Pain and gentleness 
Under the eyes of the 
Wayward Girl lost 
in what all lose 
prominent in her awareness 
ah, where have you come from- 

It was ironic that in a town full of intellectuals the intellect suddenly appears as grinding away with no pretense to the truth. It needs a conscience which says, "ah, you are only after power, enthralled by the obligatory anti-truths and anti-life sentiments of the day."

"Yet, when the intellect is conned away from itself to let in other, lesser selves to walk out in the daylight aren't they revealed as horrible things? And who else to cauterize the wound but the old grinder itself? There is utter nihilism and around the corner is complete doubt; fast down the street comes slimy desires and then those small and petty conclusions that fret this way and that like a bug under a hot light.

* * * * * * * *
[[down in the flats]]

"Sometimes my brain feels like an elephant wandering off toward the high grass of the plains, full of muddy water in its belly. It pauses at times to trumpet at some fleeing Mastodon or Tigress. Isn't the bloated feeling symptom of shadows trying to fill themselves? There is reat danger in wrapping oneself in shadows disguised as artificial light." So said Fid who, unlike the philosopher talked about women all the time.

"A woman always embodies something; what is it now? Perhaps it is the personality of history itself; the contradiction between power and responsibility. A woman as an ideal type would be difficult when the whole mind is concerned with exposure." And when he said "exposure," he drew it out and flattened it, eyeing me like there was an oracular meaning in the way he'd expressed it. He wanted to impress me with his experience with women. That had come to be a way among the footless young who hung out in the urban parks smoking and playing guitars, flashing smiles and nodding heads as people went by, inconscipuously, headed for their important meetings in life.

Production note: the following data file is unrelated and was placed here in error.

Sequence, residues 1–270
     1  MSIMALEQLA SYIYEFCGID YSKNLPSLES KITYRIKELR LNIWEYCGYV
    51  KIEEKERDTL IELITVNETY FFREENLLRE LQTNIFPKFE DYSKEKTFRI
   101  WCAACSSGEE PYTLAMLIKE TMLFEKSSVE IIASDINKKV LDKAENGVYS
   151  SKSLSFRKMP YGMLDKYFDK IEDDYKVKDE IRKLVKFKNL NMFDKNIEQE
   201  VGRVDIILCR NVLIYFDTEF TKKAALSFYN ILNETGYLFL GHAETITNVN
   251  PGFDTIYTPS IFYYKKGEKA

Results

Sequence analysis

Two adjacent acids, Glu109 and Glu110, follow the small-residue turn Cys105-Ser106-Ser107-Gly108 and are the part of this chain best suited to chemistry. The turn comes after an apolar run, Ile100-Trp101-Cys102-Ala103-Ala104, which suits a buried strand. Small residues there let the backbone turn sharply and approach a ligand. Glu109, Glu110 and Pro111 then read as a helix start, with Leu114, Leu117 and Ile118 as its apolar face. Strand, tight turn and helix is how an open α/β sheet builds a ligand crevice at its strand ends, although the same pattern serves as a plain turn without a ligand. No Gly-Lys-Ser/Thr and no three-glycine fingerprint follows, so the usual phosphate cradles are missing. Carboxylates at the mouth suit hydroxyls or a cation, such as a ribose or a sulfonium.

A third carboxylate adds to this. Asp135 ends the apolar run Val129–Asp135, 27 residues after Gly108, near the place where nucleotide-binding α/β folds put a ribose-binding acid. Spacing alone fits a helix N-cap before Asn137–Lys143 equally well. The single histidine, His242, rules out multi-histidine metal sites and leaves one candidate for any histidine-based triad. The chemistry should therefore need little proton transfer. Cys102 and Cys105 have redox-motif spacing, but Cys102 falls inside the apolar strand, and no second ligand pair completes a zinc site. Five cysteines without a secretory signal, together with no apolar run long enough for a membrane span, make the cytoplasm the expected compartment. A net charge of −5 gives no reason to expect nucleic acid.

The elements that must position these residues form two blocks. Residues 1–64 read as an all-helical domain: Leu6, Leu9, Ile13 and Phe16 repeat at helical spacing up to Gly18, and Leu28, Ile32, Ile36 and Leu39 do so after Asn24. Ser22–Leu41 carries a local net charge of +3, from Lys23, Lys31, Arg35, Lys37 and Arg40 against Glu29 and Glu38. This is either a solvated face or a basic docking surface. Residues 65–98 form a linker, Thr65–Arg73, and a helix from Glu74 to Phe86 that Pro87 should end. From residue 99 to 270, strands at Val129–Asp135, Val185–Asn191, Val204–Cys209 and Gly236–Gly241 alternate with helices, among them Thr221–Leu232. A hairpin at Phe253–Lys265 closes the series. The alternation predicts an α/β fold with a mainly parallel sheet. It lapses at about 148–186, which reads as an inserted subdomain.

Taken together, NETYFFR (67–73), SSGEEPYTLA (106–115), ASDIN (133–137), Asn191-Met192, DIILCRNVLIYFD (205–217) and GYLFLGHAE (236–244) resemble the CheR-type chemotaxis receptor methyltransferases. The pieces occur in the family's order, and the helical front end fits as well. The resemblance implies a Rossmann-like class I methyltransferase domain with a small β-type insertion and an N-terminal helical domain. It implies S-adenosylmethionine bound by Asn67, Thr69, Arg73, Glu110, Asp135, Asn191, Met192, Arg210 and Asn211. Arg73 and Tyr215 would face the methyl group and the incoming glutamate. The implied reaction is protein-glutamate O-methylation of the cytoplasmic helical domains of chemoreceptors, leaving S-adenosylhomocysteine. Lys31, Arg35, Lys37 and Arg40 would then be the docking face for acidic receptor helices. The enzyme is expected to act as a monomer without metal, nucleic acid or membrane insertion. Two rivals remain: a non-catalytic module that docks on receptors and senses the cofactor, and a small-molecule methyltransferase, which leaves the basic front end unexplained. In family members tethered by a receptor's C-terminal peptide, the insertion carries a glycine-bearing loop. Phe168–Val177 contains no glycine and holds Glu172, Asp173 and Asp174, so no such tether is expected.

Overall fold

I saw him with one woman who walked all disjointed with a pained expression on her face. It was disconcerting listening to her. She was always making pronouncements as if she were the smartest person in the world, yet, when one looked closely she lived like a gypsy and probably knew how to throw knives against trees.

The city made him a storyteller because even knowledge was only participating in a good tale. Tales enter other realms where we can not participate. Vanity kills the effort. The storyteller goes out and asks simple questions: "What creative principle are the living people dependent on?" "Have you recognized yet that separation from this principle is death, the center of it life?"